Since the beginning of the year, the migration routes of the Mediterranean Sea, especially those starting from the Libyan and Tunisian coasts, have once again returned to the forefront of attention in the European press and political agenda.

Unfortunately, it is not only the number of departures and arrivals that have graced our headlines and political speeches but also the shipwrecks and the lives of those lost at sea, at times a stone’s throw from our shores, others adrift and far from sight.

Migratory numbers have increased dramatically, fuelled by the crises that we all know well.  The further aggravation of the situation in recent years has forced an increase in the number of people deciding to abandon everything and flee.

The current situation in Tunisia is adding to an already complex economic, political and social context. In addition to having become the main port of departure for migrants fleeing from sub-Saharan Africa to Europe, this country is also experiencing a diaspora of its own local population deciding to cross the Mediterranean to reach the northern shore.

Coming out of Easter, we are faced with a complex situation, which must be managed with both pragmatism and solidarity and with the awareness that this is a structural and not an emergency issue.

In this period of reflection and introspection, my thoughts could not fail but go to all those children, women and men who will be spending these days going through the dangerous attempt of crossing the Mediterranean.

Although in many territories of the world Easter is not part of the local religious and cultural calendar, we cannot ignore the fact that, while we were celebrating, many people spent the holiday navigating  dangerous migratory routes, trying to cross the border either from Libya, Eastern Europe, Myanmar or,  perhaps, into the United States.

Should these people be fortunate enough to reach their desired destinations, their likely reward is to then be herded into crowded reception centres or offered shelter in makeshift refugee camps.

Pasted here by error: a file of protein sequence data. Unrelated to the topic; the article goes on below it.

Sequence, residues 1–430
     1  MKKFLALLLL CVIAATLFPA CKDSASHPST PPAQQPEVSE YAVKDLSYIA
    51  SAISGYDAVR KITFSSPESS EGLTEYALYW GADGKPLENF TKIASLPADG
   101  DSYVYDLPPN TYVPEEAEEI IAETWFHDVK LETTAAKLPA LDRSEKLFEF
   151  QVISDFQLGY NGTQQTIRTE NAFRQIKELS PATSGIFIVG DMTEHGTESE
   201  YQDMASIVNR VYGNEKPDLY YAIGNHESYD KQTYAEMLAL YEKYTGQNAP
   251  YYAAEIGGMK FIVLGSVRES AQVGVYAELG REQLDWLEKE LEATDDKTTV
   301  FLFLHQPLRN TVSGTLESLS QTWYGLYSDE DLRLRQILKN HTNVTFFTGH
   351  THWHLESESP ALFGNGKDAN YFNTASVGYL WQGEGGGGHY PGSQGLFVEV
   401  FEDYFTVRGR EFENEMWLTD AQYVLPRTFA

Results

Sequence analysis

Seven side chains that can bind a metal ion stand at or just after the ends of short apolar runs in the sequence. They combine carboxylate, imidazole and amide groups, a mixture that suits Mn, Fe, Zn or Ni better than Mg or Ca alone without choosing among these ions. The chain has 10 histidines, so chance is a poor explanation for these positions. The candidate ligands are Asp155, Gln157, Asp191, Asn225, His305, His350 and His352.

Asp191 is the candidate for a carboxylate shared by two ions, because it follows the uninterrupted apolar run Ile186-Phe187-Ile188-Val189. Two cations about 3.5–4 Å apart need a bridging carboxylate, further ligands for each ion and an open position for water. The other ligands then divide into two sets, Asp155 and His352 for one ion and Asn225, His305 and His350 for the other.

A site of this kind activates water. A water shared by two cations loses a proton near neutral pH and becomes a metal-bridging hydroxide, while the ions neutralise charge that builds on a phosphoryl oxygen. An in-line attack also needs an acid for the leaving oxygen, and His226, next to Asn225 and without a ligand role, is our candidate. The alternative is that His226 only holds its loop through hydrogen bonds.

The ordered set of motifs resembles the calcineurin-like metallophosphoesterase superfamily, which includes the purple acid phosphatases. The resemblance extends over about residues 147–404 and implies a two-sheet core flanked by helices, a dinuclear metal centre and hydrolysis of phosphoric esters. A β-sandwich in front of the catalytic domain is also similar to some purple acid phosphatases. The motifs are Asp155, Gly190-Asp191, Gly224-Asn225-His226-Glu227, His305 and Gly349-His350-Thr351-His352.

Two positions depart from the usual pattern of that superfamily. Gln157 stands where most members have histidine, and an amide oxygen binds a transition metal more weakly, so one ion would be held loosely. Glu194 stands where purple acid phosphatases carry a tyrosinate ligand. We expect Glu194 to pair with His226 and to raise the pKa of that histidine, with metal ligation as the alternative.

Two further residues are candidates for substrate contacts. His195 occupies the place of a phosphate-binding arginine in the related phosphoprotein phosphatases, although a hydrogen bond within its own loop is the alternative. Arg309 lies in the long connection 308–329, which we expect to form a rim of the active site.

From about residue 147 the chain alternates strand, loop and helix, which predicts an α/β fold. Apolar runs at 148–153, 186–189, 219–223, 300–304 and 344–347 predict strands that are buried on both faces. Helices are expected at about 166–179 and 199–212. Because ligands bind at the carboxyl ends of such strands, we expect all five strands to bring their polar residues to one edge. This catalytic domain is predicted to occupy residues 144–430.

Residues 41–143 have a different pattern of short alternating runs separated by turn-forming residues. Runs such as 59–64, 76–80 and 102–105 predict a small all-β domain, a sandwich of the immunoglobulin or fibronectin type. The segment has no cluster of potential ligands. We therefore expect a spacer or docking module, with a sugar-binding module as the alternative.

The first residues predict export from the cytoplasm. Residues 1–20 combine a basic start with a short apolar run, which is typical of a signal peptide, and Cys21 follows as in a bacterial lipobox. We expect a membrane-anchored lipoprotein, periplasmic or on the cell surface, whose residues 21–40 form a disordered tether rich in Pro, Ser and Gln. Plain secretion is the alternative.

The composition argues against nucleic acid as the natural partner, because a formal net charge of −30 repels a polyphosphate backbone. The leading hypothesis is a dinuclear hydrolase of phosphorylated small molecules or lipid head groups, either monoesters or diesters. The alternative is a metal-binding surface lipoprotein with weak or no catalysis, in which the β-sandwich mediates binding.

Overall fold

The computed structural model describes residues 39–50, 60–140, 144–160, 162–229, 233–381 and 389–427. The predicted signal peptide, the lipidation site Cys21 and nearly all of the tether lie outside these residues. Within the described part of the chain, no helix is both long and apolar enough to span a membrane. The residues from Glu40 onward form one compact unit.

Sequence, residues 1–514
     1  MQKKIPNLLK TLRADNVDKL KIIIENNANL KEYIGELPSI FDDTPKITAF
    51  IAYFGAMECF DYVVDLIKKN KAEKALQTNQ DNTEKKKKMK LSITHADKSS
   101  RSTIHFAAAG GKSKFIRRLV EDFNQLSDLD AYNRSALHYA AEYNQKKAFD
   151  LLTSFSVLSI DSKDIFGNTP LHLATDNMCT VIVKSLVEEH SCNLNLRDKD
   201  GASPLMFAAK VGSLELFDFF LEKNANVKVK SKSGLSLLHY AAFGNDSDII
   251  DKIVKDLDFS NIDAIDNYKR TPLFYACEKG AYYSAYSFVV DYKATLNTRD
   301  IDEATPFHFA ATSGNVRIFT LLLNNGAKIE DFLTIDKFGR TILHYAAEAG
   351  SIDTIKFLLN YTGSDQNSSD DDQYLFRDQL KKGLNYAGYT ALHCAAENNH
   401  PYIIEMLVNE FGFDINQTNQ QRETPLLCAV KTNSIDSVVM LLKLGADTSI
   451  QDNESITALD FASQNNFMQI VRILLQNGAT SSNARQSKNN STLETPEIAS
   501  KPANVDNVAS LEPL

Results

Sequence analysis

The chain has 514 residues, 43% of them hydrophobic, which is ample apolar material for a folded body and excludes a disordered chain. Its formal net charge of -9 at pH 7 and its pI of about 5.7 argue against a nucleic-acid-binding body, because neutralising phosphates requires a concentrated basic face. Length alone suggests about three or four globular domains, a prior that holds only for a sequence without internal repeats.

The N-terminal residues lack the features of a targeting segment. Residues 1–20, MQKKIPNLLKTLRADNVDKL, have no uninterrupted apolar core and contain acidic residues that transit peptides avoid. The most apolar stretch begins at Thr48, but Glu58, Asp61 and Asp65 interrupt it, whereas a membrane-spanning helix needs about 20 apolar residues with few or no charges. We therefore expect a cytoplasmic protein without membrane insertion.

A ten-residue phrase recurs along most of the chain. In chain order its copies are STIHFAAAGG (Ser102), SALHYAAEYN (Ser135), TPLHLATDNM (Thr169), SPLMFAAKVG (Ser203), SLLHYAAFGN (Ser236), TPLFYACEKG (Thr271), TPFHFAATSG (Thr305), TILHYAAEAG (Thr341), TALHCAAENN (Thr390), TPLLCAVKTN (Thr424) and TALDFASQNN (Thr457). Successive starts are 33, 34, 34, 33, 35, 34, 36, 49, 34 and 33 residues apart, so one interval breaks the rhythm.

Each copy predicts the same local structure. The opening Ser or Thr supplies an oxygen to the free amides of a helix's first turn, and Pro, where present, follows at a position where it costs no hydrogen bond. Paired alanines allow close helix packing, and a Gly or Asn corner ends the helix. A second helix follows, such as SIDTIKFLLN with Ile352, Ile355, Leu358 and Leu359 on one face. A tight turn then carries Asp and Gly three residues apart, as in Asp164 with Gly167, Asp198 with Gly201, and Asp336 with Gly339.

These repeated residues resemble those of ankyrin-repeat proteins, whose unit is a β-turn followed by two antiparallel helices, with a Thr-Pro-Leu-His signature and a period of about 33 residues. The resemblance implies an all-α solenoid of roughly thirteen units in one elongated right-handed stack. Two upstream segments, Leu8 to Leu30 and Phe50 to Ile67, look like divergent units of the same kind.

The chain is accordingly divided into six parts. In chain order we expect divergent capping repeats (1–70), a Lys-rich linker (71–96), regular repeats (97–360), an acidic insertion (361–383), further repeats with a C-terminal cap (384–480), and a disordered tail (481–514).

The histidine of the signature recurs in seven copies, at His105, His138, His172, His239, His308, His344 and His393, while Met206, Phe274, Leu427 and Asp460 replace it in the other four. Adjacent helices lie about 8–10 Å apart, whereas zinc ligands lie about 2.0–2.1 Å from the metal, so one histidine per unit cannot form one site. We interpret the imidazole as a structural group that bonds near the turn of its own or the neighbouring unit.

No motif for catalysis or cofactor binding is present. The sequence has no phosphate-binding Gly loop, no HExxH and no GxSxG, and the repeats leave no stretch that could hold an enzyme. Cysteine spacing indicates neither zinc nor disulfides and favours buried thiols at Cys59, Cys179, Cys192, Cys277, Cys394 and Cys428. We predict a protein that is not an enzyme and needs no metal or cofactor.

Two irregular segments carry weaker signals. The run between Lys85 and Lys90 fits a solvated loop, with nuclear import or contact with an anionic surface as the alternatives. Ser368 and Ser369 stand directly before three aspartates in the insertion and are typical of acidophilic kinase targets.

At this time, we must not forget to address our prayers and hopes to the tragedy unfolding in Ukraine where, for the second year running, this holiday was celebrated under the deafening noise of artillery, in the fear of a present and a future shrouded in a conflict that does not seem to have an ending in sight.

We hope that light will illuminate the corners of this world where darkness prevails- Regina Catrambone

Recalling the nightmare of another country destabilised by a conflict lasting 12 years, in Syria the damage caused by the recent earthquake has compounded the effects of strife in causing an indescribable economic, social and humanitarian crisis.

The rebirth of Christ represents the hope and certainty that life can return from the ashes. Following this Easter of resurrection, we hope that those living in such unthinkable conditions can, at least, find the peace they seek within their hearts.

We hope that light will illuminate the corners of this world where darkness prevails, in forgotten territories, where whole communities have difficulty feeding their malnourished and sick children, where girls and women are kidnapped, raped and killed and where people are deprived of their citizenship and the most basic of human rights.

We cannot tolerate that these injustices continue to prevail in a world of such abundance and connectivity, where everything is seemingly possible. This is a world where goods and commodities have freedom of movement but people do not. Instead, they are forced to live in a reality where it is difficult to define one's existence as "life".

There is a need to replace hate with love, destruction with creation and violence with solidarity between human beings.

My reflection is only a small contribution intended to give a voice to those who have none and a prayer so that the bleakness of war, poverty and anger may give room to light.

I invite each and every one of you to contribute, through any small and great action, to actively and jointly contribute towards building a better world together.

Regina Catrambone is co-founder of Migrant Offshore Aid Station (MOAS).

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